“In terms of difference: while many bands that come to jazz night focus on improvisational music, Rubblebucket is focused on playing rehearsed songs,” wrote Sola.

“In my opinion, if done well, this focus is far superior because, through song writing, you can jam pack the entire show with coma inducing musical expression, as opposed to the once in a while cool riffs that improvisational bands live for,” he added.

In a NashvilleScene.com interview, Toth spoke to this change in direction for the band: “We started out as jazz kids and have since wrapped our heads around beat production and lots of sound-aesthetic stuff. The biggest change for me has been in songwriting and lyrics, just studying and learning great songs and figuring out what makes them tick,” (“Rubblebucket’s Alex Toth: The Cream Interview”, 9.27.2012).

This emphasis on songwriting and lyricism has also been accompanied with a shift towards dance music, a move that Sola believes allows for very stimulating live performances.

“Dancing is good for the soul, it relieves stress and makes you happier,” he wrote.  “Musically, their song writing is brilliant; it forges a number of diverse genres and is incredibly catchy and danceable,” he continued.

In a conversation in InterviewMagazine.com, Traver spoke to the band’s love for performing live: “I’ve come to realize that going and doing a show is, like, going up close and touching people that I don’t do in my normal life, and it’s really powerful,” she said. “It feeds a need that I have—I think that we all have,” (“Rubblebucket Follows Its Heart”).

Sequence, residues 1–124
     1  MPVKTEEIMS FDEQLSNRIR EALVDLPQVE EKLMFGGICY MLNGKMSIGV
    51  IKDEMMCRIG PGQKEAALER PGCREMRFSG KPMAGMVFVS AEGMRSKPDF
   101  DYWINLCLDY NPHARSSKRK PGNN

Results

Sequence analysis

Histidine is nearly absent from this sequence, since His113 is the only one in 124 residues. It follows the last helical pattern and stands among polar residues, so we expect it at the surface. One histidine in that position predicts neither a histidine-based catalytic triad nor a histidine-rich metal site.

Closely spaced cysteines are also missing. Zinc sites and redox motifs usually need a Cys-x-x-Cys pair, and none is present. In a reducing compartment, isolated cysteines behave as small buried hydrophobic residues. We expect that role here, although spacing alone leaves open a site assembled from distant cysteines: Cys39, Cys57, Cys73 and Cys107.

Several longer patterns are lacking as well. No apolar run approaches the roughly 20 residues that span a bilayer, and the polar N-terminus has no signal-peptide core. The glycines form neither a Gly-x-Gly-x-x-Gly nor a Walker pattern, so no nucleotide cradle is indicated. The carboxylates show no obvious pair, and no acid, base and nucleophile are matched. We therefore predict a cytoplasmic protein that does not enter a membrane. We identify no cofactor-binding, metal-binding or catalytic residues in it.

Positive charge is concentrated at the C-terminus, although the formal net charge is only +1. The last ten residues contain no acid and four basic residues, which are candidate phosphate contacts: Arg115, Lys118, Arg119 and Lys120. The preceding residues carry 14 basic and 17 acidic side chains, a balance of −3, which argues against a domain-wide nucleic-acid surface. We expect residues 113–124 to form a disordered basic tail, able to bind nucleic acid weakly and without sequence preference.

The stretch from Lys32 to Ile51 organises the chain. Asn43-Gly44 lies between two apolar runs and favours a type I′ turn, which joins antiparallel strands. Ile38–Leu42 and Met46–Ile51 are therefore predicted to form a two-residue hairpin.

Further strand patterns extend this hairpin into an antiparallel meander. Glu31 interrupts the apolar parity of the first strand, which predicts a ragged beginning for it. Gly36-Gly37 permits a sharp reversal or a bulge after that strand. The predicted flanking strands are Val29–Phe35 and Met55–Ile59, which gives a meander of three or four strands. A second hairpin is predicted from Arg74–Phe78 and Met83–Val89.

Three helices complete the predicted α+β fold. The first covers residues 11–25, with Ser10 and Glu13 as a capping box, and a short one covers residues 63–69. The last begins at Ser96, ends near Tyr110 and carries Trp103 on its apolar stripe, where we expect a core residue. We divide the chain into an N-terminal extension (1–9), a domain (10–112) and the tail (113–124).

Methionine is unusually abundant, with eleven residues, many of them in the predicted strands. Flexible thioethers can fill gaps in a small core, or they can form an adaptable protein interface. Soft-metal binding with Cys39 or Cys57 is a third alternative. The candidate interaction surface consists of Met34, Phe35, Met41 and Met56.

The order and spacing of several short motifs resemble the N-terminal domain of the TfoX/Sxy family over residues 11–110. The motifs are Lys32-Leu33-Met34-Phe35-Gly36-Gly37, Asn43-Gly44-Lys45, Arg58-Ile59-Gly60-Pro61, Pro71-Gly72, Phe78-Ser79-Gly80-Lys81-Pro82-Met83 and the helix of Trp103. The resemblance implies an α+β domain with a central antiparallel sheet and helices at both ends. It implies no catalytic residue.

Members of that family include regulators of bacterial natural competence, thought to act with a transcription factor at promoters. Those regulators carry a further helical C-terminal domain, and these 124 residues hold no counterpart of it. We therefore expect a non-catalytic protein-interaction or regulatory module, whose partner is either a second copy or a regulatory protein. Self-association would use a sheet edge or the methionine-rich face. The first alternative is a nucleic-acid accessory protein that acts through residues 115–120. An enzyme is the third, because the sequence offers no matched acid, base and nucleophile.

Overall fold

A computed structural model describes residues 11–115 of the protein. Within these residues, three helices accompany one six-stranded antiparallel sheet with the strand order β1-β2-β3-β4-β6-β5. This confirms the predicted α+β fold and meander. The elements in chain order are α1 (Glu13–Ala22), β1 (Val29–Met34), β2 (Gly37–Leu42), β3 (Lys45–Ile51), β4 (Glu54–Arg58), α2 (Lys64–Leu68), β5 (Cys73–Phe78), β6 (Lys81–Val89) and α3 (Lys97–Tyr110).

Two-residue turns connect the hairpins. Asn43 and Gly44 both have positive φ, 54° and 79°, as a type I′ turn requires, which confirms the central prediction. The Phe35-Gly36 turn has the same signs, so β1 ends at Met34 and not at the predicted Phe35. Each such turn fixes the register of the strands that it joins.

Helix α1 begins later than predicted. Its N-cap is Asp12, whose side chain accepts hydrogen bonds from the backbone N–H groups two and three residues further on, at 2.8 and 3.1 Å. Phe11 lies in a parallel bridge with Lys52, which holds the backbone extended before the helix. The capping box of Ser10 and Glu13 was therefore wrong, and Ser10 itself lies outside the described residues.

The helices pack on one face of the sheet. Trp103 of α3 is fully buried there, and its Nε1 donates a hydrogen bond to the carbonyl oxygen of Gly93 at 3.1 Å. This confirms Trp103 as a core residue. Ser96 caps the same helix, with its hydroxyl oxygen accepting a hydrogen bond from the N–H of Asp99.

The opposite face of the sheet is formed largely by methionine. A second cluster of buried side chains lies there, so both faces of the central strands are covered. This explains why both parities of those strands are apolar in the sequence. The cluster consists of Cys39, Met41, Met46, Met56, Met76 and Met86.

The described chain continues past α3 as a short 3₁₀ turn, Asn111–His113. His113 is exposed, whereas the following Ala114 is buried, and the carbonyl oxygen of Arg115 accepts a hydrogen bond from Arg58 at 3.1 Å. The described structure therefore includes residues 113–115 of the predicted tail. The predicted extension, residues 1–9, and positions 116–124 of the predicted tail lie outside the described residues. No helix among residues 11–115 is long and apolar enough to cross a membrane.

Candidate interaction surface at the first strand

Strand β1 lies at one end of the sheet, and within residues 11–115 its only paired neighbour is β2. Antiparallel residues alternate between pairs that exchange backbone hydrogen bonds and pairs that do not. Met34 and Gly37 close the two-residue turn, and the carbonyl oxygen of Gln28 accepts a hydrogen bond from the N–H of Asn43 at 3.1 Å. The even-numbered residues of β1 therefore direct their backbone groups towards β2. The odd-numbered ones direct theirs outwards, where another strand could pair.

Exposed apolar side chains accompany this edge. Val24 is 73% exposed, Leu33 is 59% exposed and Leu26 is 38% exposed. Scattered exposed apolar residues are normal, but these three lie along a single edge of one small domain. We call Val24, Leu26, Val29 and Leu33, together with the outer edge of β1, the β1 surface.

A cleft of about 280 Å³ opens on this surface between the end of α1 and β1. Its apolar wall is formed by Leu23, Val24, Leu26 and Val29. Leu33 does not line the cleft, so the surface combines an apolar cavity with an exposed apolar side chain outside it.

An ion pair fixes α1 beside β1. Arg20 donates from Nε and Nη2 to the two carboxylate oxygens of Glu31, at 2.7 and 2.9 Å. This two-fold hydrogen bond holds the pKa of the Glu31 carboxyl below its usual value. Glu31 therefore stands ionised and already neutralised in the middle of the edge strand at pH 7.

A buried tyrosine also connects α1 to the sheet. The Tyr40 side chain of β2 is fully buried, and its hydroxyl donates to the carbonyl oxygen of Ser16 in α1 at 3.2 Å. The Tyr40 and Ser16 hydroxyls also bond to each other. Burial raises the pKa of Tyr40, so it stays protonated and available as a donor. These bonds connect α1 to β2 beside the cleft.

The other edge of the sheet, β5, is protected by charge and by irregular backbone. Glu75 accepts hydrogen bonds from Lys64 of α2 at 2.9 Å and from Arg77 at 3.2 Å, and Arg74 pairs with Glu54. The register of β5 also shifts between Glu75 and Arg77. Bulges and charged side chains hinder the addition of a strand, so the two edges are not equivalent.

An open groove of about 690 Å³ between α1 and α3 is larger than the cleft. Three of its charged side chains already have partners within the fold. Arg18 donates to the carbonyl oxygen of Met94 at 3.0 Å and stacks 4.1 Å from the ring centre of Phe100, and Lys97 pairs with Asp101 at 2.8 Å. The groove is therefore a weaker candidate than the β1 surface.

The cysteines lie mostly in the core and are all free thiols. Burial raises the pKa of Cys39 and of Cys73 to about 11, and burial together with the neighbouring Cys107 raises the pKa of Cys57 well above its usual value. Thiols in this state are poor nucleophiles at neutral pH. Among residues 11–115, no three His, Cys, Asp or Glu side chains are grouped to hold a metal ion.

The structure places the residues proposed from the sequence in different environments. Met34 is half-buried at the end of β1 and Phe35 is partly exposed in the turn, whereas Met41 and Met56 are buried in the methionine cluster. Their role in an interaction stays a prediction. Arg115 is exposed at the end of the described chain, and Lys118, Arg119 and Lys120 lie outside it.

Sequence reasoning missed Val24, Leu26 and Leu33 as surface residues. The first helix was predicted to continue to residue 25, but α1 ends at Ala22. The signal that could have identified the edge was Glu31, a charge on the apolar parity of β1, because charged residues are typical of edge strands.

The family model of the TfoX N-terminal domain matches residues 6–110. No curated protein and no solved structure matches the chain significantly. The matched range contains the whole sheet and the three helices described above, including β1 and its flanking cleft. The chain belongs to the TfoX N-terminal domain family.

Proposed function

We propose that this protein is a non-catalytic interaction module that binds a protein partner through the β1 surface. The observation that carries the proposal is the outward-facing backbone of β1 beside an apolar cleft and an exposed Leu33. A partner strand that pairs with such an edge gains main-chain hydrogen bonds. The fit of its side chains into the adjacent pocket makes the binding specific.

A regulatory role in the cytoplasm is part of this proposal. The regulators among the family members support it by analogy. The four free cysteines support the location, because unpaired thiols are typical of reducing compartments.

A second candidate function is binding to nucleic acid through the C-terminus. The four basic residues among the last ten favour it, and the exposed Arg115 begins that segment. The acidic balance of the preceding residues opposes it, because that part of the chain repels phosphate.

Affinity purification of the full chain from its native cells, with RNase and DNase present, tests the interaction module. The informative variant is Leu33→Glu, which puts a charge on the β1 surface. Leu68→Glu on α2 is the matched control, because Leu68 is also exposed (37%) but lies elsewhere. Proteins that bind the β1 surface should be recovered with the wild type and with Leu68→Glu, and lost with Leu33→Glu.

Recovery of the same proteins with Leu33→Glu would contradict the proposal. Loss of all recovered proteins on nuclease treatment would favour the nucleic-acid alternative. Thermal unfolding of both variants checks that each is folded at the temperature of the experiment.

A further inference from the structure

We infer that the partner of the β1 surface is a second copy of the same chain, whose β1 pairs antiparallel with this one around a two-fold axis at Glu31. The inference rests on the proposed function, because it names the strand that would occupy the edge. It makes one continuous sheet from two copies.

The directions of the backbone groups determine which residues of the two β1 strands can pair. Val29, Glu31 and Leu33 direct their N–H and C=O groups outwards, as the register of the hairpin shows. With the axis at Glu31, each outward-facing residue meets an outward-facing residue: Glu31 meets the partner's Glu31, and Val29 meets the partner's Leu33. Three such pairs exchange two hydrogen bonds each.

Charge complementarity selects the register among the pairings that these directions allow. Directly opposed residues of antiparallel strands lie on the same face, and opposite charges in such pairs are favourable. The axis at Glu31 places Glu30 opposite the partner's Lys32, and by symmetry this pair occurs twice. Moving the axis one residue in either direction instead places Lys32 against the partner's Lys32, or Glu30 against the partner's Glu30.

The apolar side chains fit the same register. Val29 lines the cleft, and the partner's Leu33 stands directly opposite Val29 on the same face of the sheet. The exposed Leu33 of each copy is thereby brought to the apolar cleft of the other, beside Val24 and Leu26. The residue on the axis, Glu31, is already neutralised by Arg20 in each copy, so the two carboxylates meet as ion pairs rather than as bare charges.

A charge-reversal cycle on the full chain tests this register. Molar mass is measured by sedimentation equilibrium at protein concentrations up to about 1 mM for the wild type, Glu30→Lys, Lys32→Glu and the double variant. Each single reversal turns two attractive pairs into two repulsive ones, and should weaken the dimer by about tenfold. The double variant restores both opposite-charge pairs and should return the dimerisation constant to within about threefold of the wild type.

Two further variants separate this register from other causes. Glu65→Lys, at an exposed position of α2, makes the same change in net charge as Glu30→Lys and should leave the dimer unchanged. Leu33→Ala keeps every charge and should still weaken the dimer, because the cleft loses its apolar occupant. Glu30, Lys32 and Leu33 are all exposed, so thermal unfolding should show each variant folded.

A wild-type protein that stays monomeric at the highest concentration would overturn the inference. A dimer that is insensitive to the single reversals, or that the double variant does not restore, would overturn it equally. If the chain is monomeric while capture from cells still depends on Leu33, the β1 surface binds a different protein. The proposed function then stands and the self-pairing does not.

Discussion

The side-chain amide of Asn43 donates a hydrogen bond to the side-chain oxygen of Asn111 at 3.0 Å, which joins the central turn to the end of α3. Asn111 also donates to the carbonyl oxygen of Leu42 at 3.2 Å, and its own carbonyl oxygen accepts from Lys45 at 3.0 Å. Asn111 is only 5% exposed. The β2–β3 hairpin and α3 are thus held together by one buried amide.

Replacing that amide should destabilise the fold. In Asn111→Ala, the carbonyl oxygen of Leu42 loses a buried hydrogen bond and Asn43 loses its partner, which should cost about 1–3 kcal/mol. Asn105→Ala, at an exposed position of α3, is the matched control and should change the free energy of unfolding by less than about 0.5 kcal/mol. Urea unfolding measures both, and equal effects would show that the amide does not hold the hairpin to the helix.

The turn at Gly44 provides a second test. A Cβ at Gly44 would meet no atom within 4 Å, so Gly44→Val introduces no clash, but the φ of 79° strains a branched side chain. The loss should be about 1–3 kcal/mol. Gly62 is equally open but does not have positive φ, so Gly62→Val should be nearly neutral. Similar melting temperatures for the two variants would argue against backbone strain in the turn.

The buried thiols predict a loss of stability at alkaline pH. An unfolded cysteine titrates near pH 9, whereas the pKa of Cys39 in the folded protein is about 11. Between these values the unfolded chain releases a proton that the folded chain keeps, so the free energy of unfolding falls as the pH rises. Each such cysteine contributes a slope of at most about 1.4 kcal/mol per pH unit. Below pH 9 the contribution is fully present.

“I sit all day, working and thinking about this project in my room and getting my life organized and writing music and doing everything for the show. And when I’m at the show, it’s suddenly so much more real and awesome,” she said (InterviewMagazine.com, “Rubblebucket Follows Its Heart”).

She went on to discuss how performing live has grown to represent the culimation of the group’s hard work.

“I mean, at least for me, though, [the live show] is a permanent installation in my life. The times that we have had building this up from the ground up and just playing to empty rooms and forcing ourselves to feel really hard, feel the humanity all around us,” she said (InterviewMagazine.com, “Rubblebucket Follows Its Heart”).

According to Sola, any Vassar student who is a fan of bands with a lot of energy should come to the concert. “They have insane amounts of stage presence,” he wrote.

“They’re not just musicians, but true entertainers, in the full meaning of the word. Such acts, musicians and entertainers, are always few and far between in the music industry,” he added.

The concert starts tomorrow at 9 p.m. in the College Center Villard Room. “Be there or be rectangular,” wrote Sola.

“It’s seriously going to be the most fun, danceable music event Vassar has seen in years.”

Leave a Reply

Your email address will not be published. Required fields are marked *